Ablation Procedures

Duke Interventional Radiology: Safe and Effective

What is Percutaneous Ablation?

Percutaneous ablation is a relatively new procedure whereby small probes are passed through the skin into tumors which are then either heated or cooled. When the tissue around the probe tip reaches the appropriate heated or cooled temperature, the cells will then break apart and die.

RF Figure

Diagram showing the probe inserted into a tumor (gray) in the liver (red) and the corresponding thermal zone (white) cause by heating the tissue with RF energy resulting in cellular death

Currently there are three percutaneous techniques available at Duke University Medical Center:

  • Radiofrequency (RF) Ablation
  • Microwave (MW) Ablation
  • Cryoablation

Radiofrequency and Microwave Ablation use heat therapy to destroy the tumor while Cryoablation uses ice therapy. The choice of RF, MW, or Cryoablation is determined by several different factors, including the size and location of the tumor. These procedures are particularly advantageous for treating tumors localized to the kidney, liver, lung, and adrenal glands. Since RF, MW, and Cryoablation kill both the tumor and the non-tumor cells, the goal is to place the probe(s) so that all of the tumor plus the adequate “rim” of non-tumorous tissue around it is destroyed, thereby minimizing local tumor recurrence.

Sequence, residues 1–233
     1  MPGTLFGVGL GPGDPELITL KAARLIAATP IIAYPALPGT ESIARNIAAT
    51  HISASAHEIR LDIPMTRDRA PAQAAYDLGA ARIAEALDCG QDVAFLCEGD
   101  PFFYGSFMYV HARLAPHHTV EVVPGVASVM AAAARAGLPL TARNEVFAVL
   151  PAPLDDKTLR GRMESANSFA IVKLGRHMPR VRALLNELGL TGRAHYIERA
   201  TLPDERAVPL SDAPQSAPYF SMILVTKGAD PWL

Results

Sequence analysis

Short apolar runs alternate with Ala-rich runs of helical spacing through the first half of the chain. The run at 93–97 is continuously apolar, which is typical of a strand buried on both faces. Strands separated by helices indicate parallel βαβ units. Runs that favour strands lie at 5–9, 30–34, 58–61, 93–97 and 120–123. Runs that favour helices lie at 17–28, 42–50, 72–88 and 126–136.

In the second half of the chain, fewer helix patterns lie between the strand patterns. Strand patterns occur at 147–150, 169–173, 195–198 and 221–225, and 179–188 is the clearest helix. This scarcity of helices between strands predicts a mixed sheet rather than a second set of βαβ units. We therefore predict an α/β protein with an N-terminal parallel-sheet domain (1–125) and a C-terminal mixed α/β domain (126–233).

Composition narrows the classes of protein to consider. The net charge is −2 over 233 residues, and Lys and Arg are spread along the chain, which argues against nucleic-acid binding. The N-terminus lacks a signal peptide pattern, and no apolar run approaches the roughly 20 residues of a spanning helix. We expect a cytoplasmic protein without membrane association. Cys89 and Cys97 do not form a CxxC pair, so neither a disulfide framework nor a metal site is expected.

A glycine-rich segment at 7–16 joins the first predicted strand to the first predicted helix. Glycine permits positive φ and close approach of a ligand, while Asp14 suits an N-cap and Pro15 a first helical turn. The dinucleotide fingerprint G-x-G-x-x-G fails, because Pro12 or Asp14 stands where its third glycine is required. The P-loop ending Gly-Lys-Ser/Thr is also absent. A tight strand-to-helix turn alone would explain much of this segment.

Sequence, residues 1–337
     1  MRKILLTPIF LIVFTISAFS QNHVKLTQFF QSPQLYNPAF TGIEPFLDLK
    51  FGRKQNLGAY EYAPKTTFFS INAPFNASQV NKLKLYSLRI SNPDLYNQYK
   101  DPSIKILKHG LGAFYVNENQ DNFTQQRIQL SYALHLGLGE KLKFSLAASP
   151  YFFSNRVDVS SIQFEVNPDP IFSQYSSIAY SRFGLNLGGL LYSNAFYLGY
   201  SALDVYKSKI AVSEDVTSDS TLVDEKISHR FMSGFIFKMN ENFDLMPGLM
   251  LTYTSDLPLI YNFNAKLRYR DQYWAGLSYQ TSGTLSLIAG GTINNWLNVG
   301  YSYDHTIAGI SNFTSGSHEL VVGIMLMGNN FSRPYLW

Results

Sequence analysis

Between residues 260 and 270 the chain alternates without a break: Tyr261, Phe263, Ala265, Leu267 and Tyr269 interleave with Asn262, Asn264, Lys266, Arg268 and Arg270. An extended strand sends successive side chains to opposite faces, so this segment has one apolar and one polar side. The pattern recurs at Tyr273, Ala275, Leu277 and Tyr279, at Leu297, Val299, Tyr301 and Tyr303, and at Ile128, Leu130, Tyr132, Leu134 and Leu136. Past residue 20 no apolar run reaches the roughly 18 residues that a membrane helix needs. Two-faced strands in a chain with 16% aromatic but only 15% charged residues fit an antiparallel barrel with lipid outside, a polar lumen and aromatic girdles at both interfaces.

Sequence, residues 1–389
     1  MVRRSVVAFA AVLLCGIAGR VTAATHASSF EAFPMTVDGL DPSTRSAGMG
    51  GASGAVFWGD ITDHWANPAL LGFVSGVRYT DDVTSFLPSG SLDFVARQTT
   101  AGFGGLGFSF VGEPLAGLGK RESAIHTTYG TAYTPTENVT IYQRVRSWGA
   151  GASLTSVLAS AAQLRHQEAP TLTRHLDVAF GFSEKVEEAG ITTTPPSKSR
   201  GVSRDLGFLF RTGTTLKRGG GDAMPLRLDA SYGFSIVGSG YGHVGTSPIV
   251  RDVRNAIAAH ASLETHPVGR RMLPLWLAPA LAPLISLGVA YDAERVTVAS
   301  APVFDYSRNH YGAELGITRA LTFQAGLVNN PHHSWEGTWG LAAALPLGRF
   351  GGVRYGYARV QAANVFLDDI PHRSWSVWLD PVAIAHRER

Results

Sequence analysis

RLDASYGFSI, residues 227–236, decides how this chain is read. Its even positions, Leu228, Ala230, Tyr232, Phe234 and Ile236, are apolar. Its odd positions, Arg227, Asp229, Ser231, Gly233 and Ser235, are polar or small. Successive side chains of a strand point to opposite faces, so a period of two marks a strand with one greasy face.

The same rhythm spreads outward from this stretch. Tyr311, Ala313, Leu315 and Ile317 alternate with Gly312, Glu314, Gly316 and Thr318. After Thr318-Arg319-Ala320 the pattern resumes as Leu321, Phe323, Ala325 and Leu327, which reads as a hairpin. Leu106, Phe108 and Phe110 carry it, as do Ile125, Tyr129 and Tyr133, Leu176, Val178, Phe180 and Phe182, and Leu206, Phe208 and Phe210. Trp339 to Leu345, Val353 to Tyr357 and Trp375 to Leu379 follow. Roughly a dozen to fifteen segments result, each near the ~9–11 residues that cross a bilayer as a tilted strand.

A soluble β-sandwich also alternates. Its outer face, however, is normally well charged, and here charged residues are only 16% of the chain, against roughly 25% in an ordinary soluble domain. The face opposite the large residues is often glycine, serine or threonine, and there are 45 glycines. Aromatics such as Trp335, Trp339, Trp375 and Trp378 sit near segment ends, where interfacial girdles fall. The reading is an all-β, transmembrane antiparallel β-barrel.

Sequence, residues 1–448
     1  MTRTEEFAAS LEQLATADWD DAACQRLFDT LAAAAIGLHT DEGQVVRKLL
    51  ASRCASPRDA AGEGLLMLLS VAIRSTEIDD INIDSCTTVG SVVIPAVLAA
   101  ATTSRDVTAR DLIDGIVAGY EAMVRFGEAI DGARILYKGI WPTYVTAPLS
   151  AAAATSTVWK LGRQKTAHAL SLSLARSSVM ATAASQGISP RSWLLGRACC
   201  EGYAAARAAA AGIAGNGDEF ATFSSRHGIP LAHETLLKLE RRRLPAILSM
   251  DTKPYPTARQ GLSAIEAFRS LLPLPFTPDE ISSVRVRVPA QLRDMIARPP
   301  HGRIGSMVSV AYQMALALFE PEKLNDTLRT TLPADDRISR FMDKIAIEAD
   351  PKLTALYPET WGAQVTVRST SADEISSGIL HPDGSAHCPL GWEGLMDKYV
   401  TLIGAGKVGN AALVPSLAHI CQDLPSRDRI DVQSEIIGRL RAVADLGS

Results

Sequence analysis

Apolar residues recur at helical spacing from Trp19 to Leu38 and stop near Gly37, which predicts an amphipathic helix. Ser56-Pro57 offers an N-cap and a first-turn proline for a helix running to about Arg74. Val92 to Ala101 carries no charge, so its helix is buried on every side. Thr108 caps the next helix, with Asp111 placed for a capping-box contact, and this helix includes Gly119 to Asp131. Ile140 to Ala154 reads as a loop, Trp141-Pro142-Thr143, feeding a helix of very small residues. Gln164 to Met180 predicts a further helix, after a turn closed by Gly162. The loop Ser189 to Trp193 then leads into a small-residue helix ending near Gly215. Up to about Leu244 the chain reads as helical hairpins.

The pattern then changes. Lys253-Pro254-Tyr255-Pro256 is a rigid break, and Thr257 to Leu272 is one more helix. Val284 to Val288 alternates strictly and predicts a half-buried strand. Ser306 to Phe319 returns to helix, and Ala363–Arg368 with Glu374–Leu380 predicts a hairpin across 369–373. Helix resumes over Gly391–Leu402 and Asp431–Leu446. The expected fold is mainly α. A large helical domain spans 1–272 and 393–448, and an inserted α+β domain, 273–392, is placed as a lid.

These procedures are usually performed by placing one or more probes through small incisions in the skin using an ultrasound (US) and/or CT scanner to guide the tip into the tumor.